Anthropology Goes to the Fair

Anthropology Goes to the Fair

The 1904 Louisiana Purchase Exposition

Nancy J. Parezo and Don D. Fowler

Critical Studies in the History of Anthropology Series

552 pages
48 photos, 2 maps, 10 tables, index

Hardcover

September 2007

978-0-8032-3759-9

$55.00 Add to Cart
Paperback

July 2009

978-0-8032-2796-5

$29.95 Add to Cart

About the Book

World’s fairs and industrial expositions constituted a phenomenally successful popular culture movement during the nineteenth and twentieth centuries. In addition to the newest technological innovations, each exposition showcased commercial and cultural exhibits, entertainment concessions, national and corporate displays of wealth, and indigenous peoples from the colonial empires of the host country.
 
As scientists claiming specialized knowledge about indigenous peoples, especially American Indians, anthropologists used expositions to promote their quest for professional status and authority. Anthropology Goes to the Fair takes readers through the 1904 Louisiana Purchase Exposition to see how anthropology, as conceptualized by W J McGee, the first president of the American Anthropological Association, showcased itself through programs, static displays, and living exhibits for millions of people  “to show each half of the world how the other half lives.” More than two thousand Native peoples negotiated and portrayed their own agendas on this world stage. The reader will see how anthropology itself was changed in the process.

Author Bio

Nancy J. Parezo is a professor of American Indian studies and anthropology at the University of Arizona and the curator of ethnology at the Arizona State Museum. She is the editor of Hidden Scholars: Women Anthropologists and the Native American Southwest. Don D. Fowler is a professor of anthropology, emeritus, at the University of Nevada, Reno. He is the author of A Laboratory for Anthropology: Science and Romanticism in the American Southwest, 1846-1930.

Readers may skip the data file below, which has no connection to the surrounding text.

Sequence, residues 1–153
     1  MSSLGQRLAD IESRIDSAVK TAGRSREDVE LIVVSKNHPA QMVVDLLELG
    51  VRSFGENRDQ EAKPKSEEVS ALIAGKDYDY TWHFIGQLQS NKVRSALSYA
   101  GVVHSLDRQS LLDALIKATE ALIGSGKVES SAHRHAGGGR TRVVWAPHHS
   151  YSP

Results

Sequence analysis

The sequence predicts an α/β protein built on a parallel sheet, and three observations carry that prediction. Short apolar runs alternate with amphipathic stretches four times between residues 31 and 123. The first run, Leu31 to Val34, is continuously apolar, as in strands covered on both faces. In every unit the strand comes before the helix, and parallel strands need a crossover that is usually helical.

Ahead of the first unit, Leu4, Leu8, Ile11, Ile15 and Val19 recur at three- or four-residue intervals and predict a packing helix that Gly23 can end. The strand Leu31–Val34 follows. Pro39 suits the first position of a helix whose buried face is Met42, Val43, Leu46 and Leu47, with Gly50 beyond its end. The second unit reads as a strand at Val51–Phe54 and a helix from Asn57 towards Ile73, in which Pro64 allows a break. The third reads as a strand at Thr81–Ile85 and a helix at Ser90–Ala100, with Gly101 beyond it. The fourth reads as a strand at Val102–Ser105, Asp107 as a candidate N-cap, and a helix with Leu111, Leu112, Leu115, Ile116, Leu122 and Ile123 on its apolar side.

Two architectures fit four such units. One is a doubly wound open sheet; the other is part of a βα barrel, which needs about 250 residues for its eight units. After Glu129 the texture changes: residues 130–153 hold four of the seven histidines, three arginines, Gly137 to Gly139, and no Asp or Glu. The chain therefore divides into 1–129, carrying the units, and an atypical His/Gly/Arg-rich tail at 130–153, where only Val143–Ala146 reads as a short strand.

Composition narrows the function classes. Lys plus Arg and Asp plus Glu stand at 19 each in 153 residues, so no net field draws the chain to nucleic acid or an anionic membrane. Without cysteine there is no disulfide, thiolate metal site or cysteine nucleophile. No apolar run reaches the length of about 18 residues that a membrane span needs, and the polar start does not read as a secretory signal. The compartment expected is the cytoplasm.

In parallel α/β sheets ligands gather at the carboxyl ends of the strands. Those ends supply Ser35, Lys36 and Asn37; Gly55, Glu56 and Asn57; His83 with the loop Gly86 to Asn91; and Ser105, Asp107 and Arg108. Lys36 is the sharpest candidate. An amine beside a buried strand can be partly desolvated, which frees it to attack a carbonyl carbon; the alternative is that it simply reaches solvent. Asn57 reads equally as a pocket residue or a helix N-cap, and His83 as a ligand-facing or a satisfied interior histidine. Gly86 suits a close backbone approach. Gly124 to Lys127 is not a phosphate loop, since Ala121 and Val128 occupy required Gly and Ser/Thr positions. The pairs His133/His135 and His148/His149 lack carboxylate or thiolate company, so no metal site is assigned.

Praise

"Fascinating details and readable style make this a compelling account of the US's last great, naive exposition of 19th-century empire building."—H. G. Kong, CHOICE

"Anthropology Goes to the Fair is a major contribution to the history of racial thought and the history of anthropology."—John David Smith, North Carolina Historical Review

"Nancy Parezo and Don Fowler's Anthropology Goes to the Fair provides a comprehensive contribution to the literature on the world fair phenomenon, focusing explicitly on the display of indigenous peoples at the Louisiana Purchase Exposition of 1904. This fascinating and well-written work accomplishes a number of new things."—Mary Neuburger, Journal of American Ethnic History

"[Anthropology Goes to the Fair] is a rollicking examination of what one might today regard as an insane enterprise. It affords valuable insight into the origins and early evolution of American anthropology, as well as an understanding of early twentieth-century social mores of the American people."—Bernard L. Fontana, Journal of Arizona History

“Well organized and written. The authors have researched extensively in exposition company files, the papers of McGee and others with whom he worked (or quarreled), and the archives of the Bureau of Indian Affairs and other agencies connected with the exposition. A large body of secondary sources provides background and context. More than fifty illustrations add a visual dimension to the book.”—John E. Findling, Journal of American History

Table of Contents

List of Illustrations
Acknowledgments
Series Editors' Introduction
Prologue: Setting the Stage for St. Louis
Chapter 1 Organizing the Louisiana Purchase Exposition
Chapter 2 WJ McGee and the Science of Man
Chapter 3 Planning the Anthropology Department and Model Indian School
Chapter 4 Assembling the “Races of Mankind”
Chapter 5 Presenting Worthy Indians
Chapter 6 The Model Indian School
Chapter 7 The Philippine Reservation
Chapter 8 The Anthropology Villages
Chapter 9 The Polyglot Pike
Chapter 10 Being a Living Exhibit
Chapter 11 In the Anthropology Building
Chapter 12 Anthropological Performances
Chapter 13 Celebrating the Fair and Going Home
Chapter 14 The Experiences of an Exposition
Epilogue: Passing into History and Moving On
Appendix 1: McGee’s Racial Classification Schemes
Appendix 2: Native Participants
Notes
References
Index

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